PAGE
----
In, Michel Leiris’ Man and his Interior there is a story about a woman who happens upon an ox hanging in a butcher’s shop. Its belly is cut through, and she is so disgusted by the animal and at the idea that people contain intestinal viscera she resolves to never eat again. Subsequently the woman starves herself to death. Leiris uses this story to reflect on what purism can repress.
This allegory seems related in some way to Mutu’s Ark Collection, women who’s own intestinal viscera is ethnographic material. There is a conjoining of two different codes here, pornographic and ethnographic, and Mutu makes the correlations between the two clear by putting them in the same body. They function within one another and could not survive without.















 6. Saartije Baartman was sold around 1820’s.

In around the 1820’s, Saartjie Baartman was sold from the Gamtoos Valley of South Africa to London by an enterprising Scottish doctor. She spent years in France and Britain being exhibited for her anatomy, predominately for her butt and breasts (figure 6). After her death, Cuvier dissected her body, and displayed her remains, and for more than a century and a half, visitors could view her brain, skeleton and genitalia until she was buried. The treatment of Saartjie Baartman was an ethnographic excuse for human degradation. It is a history that informs Mutu’s work and illustrates how the ethnographic can be entitled in pornographic ways.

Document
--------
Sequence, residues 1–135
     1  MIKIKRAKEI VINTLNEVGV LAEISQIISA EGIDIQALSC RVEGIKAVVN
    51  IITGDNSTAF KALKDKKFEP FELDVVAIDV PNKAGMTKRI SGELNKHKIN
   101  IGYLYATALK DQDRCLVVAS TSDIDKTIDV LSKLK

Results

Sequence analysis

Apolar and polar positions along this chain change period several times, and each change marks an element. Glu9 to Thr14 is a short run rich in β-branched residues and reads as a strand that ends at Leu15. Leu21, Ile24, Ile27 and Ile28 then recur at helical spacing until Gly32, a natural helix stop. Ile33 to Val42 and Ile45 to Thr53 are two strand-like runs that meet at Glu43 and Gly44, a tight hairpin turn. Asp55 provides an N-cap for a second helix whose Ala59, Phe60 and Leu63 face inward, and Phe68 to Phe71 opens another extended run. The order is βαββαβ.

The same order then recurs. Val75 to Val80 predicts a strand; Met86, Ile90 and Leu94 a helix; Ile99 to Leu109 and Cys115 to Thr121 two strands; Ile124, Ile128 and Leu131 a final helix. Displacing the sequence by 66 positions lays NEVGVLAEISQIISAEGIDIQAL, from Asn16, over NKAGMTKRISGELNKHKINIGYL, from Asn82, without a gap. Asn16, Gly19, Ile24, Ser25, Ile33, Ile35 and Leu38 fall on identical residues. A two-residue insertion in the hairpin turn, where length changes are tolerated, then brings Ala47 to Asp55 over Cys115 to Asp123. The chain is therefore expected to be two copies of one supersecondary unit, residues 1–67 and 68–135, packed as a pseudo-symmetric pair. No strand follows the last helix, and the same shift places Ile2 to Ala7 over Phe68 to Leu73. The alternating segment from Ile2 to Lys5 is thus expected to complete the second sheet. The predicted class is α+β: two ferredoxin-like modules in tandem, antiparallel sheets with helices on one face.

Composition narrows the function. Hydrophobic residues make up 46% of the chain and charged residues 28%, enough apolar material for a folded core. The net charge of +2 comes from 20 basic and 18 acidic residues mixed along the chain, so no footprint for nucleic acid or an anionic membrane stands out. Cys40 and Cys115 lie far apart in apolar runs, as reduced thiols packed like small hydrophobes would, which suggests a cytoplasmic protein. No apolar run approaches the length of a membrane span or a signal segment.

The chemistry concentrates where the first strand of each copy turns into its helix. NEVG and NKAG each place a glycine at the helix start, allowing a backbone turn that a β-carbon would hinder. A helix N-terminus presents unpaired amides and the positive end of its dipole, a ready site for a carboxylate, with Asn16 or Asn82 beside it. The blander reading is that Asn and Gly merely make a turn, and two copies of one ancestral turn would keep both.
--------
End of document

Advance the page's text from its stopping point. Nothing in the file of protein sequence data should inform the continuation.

The women of the Ark Collection are more disjointed than Mutu’s previous women, and share aesthetic similarities with Histology of Uterine Tumors. While in Pin-ups and Classic Profiles Mutu is distinctly making hybrid figures, the figures in Ark Collection are more abstracted and as a result are a less subtle critique of how the female body is enhanced or contorted for historical and cultural purposes.
In 2014, Mutu presented the exhibition Nguva na Nyoka, meaning sirens and serpents in Kiswahili, which combines collage, video and sculptural works. The nguva, or dugong, is a large manatee-like mammal. It has a hippo-like head and fish-like tail. There are also allegories created around the nguva, constructed from Kenyan folklore, where it functions as a sort of sea nymph.


















7. The screamer island dreamer, 2014. Courtesy the Artist and Victoria Miro, London.

In Mutu’s previous works she parses fiction from reality, but here there seems to be a mythology already in tact. Mutu acts more as observer and illustrator and less as collaborator. Not that this is any less invaluable. In her new work Mutu creates collages based off the nguva stories, (figure 7) The Screamer Island Dreamer, is less distinctly woman and more animal and monster like. It still has fashion model lips, but that is the lone, explicitly human feature. There is a serpent-like leech either clinging on or embedded into its belly, a possible reference to pregnancy or the maternal. Her images are hallucinations of the female body, incorporated with the animal or impossible anatomies; she shows internal organs writhing. They are dangerous and uncooperative, and she contrasts the intense and occasionally evil power of the Nguva to the purist mermaid of popular European culture.